Dreamgirls: A Review
In a Dazzling Adaptation, Jennifer Hudson Rockets to Fame
Last night I had the opportunity to see one of the first screenings of Dreamgirls, the Bill Condon film adaptation of the Broadway musical, and Condon has pulled off an inspiring and transcendent new classic. The musical production comes alive in its cinematic form so fluidly that at times you almost forget you're not watching a live production. I can't remember the last time I saw an audience provide such physical and vocal responses to onscreen performances. It's a great feeling to come to a film with high expectations and have them exceeded as that's so often not the case.
You might think that with star power like Beyoncé, Jamie Foxx, Eddie Murphy, and Danny Glover that the jockeying for the spotlight would be intense, but there is really no competition here. This is Jennifer Hudson's movie and she is astonishing.
Dreamgirls will make Jennifer Hudson a superstar. Her vocal performances are epic. No less than four times did the audience erupt into spontaneous ovations as she finished her numbers.
The pivotal scene on which the plot of the movie spins, when Effie is told that she's been forced out of the Dreamettes, is delivered in a dazzling musical one-two punch. As the number "It's All Over," a tour-de-force in its deft boxing match-like staging between Curtis Taylor, Jr. (Foxx), Deena Jones (Beyoncé Knowles), Lorrell Robinson (Anika Noni Rose), and Effie (Hudson) winds up we are left with Effie realizing, defiantly, that she's having her dream snatched from her. The movie takes a beautifully-choreographed deep breath before Hudson slides into her solitary and powerful rendition of "And I'm Telling You". This is the moment in the film everyone will be talking about. Hudson's chill-inducing performance made every hair on my scalp stand on end.
As an audience member there's no way to avoid looking at Hudson's performance against Beyoncé's, or to avoid noticing the way in which the show's plot mirrors the offscreen trajectory of these singers. At one point, Taylor points out to Deena Jones that she's being put up as lead singer because her voice is bland and has no character. Effie is the one with the voice, but she's being relegated to the back row because she is the 'ugly duckling'.
And you root for Hudson because of this. She does not have Beyoncé's model looks (which undergo their own stunning metamorphosis during the film) or her figure, and the filmmakers make no attempt to hide Hudson's heft in the film. But the differences only make you root for Effie even more. Hudson owns this film. It is all hers, and it is beautiful to watch, at the same time realizing that Hudson's real-life story (from American Idol contestant to what should and will be an Oscar-nominated star vehicle) bears an uncanny resemblance to the one unfolding before you.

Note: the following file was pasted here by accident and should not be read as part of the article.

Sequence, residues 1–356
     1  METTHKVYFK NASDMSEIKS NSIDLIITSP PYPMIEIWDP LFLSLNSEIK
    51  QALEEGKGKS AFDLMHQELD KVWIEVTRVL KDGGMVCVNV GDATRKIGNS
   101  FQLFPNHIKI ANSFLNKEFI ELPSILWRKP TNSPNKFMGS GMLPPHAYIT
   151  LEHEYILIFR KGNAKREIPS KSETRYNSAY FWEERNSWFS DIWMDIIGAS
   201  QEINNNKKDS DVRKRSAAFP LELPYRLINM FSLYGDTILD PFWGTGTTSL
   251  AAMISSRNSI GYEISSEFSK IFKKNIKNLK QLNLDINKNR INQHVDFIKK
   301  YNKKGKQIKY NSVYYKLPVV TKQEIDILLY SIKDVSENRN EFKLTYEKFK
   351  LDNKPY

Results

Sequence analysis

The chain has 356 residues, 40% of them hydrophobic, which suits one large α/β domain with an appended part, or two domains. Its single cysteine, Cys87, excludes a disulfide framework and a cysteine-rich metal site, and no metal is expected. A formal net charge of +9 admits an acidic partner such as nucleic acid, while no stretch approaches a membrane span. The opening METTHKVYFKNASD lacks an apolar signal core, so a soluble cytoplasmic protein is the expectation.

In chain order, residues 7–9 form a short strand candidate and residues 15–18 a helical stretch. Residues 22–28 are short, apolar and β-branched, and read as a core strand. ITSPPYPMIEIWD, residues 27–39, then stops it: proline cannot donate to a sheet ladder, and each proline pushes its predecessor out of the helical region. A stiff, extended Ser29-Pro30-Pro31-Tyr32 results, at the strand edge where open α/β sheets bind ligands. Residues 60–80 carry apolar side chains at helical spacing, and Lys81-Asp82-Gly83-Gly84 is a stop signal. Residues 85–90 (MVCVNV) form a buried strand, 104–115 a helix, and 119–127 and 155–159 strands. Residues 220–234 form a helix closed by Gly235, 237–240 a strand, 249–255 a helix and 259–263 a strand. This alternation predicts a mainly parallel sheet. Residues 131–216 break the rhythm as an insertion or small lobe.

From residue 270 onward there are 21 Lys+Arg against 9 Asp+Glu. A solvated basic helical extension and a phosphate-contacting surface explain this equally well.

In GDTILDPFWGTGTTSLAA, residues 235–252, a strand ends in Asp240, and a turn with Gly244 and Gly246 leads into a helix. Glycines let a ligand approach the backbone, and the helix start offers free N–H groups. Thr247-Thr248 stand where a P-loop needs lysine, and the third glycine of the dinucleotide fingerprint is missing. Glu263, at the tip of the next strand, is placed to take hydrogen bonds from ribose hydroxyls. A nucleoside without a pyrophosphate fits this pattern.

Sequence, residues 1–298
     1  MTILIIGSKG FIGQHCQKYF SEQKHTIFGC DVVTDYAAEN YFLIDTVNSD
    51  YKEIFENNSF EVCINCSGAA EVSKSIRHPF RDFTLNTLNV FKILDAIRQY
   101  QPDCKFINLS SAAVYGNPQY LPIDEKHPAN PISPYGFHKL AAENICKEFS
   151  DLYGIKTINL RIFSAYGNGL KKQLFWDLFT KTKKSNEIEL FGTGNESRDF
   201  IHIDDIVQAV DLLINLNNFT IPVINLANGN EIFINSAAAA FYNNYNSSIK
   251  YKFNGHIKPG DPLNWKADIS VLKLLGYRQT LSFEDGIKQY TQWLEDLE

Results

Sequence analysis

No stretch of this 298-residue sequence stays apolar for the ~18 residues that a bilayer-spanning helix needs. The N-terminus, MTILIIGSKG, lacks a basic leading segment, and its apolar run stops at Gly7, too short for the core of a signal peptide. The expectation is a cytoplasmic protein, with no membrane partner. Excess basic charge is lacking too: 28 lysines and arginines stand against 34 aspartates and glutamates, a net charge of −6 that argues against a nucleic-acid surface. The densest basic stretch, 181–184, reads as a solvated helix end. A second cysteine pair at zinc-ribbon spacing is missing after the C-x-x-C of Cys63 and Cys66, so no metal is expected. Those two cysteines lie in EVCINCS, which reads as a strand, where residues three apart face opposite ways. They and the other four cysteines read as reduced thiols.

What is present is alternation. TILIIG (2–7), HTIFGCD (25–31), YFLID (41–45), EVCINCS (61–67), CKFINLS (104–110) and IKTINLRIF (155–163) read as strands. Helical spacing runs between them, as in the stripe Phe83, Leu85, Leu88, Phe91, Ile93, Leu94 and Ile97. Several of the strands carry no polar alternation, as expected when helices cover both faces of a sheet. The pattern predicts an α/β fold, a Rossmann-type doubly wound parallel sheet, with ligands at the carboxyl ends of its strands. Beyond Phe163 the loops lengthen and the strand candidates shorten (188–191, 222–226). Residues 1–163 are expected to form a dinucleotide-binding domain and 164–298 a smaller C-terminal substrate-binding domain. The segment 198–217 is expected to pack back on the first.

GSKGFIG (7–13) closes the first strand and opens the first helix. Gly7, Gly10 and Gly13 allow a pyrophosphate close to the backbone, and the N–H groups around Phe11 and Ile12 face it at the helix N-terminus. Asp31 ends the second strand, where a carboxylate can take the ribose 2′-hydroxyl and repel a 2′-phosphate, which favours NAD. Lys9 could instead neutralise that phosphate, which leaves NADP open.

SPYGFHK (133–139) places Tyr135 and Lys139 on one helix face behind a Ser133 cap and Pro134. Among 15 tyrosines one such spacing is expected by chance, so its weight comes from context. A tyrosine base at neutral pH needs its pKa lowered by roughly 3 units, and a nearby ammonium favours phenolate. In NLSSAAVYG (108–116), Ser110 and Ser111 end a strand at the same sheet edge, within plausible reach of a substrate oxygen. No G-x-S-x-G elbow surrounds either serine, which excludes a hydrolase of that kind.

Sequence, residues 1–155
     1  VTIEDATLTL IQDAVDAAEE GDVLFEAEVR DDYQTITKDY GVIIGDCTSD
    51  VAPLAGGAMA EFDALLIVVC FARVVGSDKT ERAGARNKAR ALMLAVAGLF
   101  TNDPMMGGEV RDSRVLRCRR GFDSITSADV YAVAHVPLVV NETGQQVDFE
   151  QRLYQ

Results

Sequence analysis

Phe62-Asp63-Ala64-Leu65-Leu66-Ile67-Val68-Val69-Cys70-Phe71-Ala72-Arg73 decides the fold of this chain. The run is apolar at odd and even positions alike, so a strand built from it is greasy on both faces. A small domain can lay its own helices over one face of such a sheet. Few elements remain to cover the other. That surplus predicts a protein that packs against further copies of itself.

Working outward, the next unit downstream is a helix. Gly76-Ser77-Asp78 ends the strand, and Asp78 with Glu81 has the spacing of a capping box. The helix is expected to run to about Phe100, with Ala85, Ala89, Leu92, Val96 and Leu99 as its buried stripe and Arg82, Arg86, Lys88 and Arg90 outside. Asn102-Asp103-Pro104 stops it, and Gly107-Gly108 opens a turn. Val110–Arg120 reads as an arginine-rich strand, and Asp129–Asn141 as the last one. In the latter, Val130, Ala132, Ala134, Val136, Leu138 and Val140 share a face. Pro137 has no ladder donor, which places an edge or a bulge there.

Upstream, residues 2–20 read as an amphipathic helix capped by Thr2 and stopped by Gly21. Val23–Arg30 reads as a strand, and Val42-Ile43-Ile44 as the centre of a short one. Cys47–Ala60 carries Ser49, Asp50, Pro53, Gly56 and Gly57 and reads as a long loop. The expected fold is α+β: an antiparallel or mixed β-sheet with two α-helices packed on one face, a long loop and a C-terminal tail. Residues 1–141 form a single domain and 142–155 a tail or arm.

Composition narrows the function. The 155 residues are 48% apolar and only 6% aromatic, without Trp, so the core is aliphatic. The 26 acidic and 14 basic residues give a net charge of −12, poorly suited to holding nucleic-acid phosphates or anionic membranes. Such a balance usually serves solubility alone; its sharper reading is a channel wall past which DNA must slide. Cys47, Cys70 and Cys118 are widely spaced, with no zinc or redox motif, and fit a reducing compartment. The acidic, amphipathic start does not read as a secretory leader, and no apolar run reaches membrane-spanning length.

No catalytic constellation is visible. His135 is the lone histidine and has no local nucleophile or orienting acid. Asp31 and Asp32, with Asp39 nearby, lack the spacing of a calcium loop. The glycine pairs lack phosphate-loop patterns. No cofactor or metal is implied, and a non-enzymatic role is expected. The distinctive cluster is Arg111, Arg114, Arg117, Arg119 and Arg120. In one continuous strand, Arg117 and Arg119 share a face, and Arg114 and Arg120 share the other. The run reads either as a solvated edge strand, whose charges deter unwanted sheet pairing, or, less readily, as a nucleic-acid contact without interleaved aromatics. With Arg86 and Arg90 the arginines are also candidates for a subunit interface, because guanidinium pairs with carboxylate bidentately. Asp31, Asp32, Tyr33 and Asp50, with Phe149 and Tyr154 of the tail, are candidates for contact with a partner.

Make no mistake. Beyoncé turns in a rock-solid performance which in a world without Hudson would garner acclaim. "Listen," one of the new and welcome additions to the show's set of stand-out tracks, wakes you up to the fact that there is another great singer in this movie, but in the end it's like holding a candle to Hudson, who has shot into Hollywood like a brilliant comet.
Fortunately for Sharon Leal and Anika Noni Rose (the other two members of the Dreams), the strength of the other singers offers them some deserved coattails to ride into the public's awareness, but they're essentially bit players here. Jamie Foxx gives a polished performance as the show's villain, but the return of Eddie Murphy makes it difficult for him to get in the spotlight. Murphy is as entertaining as ever as James 'Thunder' Early, the womanizing soul singer who offers the Dreamettes their first opportunity. Keith Robinson, as Effie's brother CC White, delivers a standout performance as well.
The wardrobe and sets in Dreamgirls bring back the slick, glistening environments of the late 60's and early 70's, and in the production is an obvious love for the glitz and excitement of live performance. This is not Evita whose characters were given little or no chance to breathe between numbers. And it is more three-dimensional and ebullient than Chicago. Dreamgirls is on its way to the Oscars.